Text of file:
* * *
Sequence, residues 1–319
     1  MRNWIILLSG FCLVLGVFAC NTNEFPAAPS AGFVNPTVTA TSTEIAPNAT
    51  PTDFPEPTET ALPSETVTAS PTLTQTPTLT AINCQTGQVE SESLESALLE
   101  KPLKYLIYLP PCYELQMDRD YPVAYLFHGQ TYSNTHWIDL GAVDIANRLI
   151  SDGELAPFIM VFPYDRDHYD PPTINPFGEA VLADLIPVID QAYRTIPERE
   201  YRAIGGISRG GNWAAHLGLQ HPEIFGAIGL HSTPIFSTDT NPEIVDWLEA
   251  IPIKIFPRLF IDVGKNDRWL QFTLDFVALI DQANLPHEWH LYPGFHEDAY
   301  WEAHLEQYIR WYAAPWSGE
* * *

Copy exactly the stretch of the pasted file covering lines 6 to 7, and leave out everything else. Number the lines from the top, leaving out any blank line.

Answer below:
   201  YRAIGGISRG GNWAAHLGLQ HPEIFGAIGL HSTPIFSTDT NPEIVDWLEA
   251  IPIKIFPRLF IDVGKNDRWL QFTLDFVALI DQANLPHEWH LYPGFHEDAY